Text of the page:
The first step is generating a certificate signing request (CSR). This will create a text file that, in most cases, you’ll cut and paste into a form on the CA’s Web site so they can generate a SSL certificate for you. You begin your journey by starting the Internet Service Manager (non-HTML version). This will bring up the Microsoft Management Console (MMC).

Once the splash screen disappears, right-click the Web site name and click Properties. When the Web site properties sheet appears, right click the Web site you want to add the certificate to. Select the Directory Security tab and look for the box labeled Secure Communications. Select the Key Manager tab to start the file creation process. When the Key Manager window appears, select the service you want to install SSL for. Click WWW. When it’s highlighted, right-click WWW. Select Create New Key and the Create New Key wizard will guide you through the process of creating a certificate request.

Unless you’re going to be your own certificate authority (normally only a good idea if you are looking for SSL services on a corporate intranet), step through the wizard to create a text file. You’ll either e-mail or cut and paste this file into the Web site for the CA you’ll use.

When the wizard first appears, the default location and filename is c:\NewKeyRq.txt. Unless you must change the location of this file, click Next to continue. The next screen will ask you to supply a name for the key. Provide a name for the key request and the password you want to use to control the installation of the SSL certificate. The next window prompts you for information to help differentiate this certificate from others you have and from others on the Internet. In the next window, provide the country, state, and city where you are located. Supply your name, e-mail address, and telephone number in the final window so the CA can contact you if there are any problems processing your request. Click Finish to end the Create New Key wizard. You should see a key entry below the WWW label in the Key Manager window.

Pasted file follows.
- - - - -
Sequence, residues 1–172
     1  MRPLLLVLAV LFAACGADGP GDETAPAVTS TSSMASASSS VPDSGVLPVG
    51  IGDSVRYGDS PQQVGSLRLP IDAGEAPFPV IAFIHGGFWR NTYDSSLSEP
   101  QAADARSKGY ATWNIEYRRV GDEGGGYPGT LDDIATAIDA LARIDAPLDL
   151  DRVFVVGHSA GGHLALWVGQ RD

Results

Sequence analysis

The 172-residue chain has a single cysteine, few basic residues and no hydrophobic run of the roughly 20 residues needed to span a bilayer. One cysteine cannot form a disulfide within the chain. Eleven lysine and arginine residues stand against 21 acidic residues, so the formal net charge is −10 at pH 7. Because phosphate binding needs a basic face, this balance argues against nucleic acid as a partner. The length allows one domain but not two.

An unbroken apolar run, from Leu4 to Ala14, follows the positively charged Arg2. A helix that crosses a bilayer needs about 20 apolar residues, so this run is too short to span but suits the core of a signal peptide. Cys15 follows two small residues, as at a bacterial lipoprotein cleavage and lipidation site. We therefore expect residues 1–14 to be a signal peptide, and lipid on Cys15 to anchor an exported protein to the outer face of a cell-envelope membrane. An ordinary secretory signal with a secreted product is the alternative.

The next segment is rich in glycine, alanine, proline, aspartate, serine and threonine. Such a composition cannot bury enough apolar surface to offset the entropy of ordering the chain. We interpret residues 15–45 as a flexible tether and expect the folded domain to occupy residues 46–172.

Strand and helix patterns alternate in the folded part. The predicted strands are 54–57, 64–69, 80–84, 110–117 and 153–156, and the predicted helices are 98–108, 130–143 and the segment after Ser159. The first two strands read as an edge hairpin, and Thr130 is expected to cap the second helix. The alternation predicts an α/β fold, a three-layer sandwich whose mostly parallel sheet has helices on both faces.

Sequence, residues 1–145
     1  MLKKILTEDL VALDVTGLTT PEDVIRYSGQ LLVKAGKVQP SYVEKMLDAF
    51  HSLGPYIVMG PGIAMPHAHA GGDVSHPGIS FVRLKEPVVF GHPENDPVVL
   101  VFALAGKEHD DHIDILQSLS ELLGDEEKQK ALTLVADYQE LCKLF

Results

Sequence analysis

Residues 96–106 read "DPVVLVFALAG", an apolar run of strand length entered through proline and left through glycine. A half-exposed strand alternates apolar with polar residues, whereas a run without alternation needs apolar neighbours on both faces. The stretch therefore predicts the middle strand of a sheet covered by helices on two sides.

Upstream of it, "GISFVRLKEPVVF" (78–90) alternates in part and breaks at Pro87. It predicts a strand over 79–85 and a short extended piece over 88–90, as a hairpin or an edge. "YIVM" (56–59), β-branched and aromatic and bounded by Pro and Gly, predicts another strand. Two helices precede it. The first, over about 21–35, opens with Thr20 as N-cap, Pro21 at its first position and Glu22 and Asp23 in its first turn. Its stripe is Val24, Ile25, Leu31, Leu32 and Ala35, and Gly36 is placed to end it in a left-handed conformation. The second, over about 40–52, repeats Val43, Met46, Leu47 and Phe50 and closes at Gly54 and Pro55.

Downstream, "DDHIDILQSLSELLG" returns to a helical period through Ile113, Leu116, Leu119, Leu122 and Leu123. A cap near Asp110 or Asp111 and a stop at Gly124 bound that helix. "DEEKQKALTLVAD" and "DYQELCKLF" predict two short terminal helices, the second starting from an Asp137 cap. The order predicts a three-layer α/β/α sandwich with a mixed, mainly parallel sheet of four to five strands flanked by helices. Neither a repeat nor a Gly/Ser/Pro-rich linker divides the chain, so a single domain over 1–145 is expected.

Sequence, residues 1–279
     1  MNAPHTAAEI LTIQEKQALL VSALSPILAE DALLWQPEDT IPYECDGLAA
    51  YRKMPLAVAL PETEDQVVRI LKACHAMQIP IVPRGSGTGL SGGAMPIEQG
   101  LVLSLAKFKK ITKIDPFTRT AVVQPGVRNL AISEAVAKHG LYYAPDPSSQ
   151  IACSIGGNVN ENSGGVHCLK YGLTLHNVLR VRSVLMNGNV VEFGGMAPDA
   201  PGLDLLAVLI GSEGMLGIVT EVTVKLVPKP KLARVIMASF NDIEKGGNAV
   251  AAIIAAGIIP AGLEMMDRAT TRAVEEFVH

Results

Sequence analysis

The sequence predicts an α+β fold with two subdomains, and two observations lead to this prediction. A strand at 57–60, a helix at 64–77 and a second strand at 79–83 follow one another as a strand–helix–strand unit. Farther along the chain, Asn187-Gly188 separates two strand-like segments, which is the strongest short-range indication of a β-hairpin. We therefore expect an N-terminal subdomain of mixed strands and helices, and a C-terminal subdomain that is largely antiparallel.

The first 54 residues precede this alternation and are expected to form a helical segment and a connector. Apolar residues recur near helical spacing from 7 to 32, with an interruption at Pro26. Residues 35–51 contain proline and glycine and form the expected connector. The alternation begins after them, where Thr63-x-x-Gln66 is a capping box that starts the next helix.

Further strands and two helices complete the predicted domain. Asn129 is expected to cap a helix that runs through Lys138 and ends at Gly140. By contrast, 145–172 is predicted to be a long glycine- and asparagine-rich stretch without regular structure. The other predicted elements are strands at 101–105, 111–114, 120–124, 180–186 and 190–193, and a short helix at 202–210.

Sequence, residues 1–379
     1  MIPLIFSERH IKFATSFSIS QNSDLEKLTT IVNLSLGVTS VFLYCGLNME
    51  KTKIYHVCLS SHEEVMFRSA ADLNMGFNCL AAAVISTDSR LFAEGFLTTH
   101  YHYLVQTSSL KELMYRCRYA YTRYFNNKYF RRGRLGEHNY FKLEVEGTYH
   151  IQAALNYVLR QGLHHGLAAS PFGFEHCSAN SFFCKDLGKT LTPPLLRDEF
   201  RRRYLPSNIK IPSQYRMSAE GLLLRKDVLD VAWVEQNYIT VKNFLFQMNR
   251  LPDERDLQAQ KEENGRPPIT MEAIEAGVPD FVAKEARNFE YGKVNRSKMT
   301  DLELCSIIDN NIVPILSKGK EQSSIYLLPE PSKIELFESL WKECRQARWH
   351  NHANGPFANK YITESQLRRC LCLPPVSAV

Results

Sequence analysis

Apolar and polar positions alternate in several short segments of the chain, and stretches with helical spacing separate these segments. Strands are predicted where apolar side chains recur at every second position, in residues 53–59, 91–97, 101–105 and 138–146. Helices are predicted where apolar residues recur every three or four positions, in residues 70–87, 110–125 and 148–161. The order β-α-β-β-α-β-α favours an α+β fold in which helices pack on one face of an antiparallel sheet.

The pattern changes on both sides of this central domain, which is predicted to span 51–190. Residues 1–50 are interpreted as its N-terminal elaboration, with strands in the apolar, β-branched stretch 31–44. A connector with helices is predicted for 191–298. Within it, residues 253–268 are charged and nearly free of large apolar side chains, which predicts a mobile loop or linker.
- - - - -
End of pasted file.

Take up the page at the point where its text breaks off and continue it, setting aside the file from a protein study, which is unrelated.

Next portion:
Depending on the CA you use, you can either have the file mailed to you or you can cut and paste the file onto your local hard disk. Once the file is in your possession, right-click the key name in Key Manager and select Install Key Certificate. Using Windows Explorer, browse the directory structure until you find the file, then click OK to install the file. Once the SSL certificate is installed, you should see additional information that details when the certificate expires, who it belongs to, and so forth.

Conclusion
This article has walked you through the process of setting up your Web server to handle SSL communications. Make sure you keep both the certificate request and the license file you received from the CA in case you have to replace the files in the event of corruption or if you have to reinstall your Web server. Good luck setting this up and may all your sensitive information be encrypted!
The authors and editors have taken care in preparation of the content contained herein, but make no expressed or implied warranty of any kind and assume no responsibility for errors or omissions. No liability is assumed for any damages. Always have a verified backup before making any changes.